Mode of Production
The milieu and environment of art.
In a broad sense, we study Philippine art as produced within the particular period of history. For example, the 19th century or the Marcos regime. In a specific sense, we study Philippine art as produced by a particular social group, usually having fine arts background or specific cultural community which has preserved is artistic traditions from pre-colonial times. Art is produced under different conditions even within the same society during the same time. Urban middle class artist usually obtained their training in fine arts schools. When they finish a series or a body of works, they usually arrange for an exhibit in commercial gallery where their works are made available for public viewing.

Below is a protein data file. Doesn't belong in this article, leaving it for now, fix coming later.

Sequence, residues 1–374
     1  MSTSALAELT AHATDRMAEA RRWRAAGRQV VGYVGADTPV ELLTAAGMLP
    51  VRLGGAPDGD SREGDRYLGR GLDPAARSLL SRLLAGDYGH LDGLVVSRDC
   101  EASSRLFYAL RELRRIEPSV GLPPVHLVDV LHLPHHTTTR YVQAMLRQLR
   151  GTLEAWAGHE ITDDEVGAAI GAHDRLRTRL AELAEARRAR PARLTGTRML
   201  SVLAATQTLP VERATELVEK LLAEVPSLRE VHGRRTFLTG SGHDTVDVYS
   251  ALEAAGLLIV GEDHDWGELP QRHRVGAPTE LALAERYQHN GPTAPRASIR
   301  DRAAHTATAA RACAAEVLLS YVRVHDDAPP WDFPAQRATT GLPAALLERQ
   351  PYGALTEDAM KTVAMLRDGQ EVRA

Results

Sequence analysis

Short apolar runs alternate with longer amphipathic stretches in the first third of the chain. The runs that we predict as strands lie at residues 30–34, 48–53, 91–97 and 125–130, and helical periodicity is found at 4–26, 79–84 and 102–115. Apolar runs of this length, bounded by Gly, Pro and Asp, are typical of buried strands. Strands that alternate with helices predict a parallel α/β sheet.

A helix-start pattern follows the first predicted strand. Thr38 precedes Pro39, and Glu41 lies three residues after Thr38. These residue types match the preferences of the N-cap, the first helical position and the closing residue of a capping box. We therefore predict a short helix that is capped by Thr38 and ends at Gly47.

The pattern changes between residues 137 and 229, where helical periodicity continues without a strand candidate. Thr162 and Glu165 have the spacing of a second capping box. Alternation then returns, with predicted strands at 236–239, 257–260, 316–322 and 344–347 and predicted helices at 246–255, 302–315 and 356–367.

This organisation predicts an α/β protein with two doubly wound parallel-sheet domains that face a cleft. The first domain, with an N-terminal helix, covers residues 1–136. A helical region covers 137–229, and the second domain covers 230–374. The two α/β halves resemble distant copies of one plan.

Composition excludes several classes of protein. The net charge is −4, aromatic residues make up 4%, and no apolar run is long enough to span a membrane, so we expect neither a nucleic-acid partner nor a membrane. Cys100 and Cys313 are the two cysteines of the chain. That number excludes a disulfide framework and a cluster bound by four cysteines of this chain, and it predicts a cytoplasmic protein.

Conditions are quite different for a traditional artist, such as weaver, a potter, a woodcarver, or basket maker. They were produced to meet a local community ritual and functional needs. They were circulated within the members of the community. It is only in the past few decades that local entrepreneurs and tourist agents realized their commercial value and brought these local artistic production to the urban areas. While the producers sell the works at relatively low price, they are sold much higher in the urban malls. Victims of neglect and prejudice, they are caught up in the daily struggle for survival and are continually threatened with eviction from their ancestral lands by speculators, subdivision developers and industrial capitalists who want to build factories usually highly polluting to the immediate environment. As for the producers of folk art, who are mostly farmers and fisher folk in the countryside, much of their work is seasonal: town fiestas and agricultural cycles.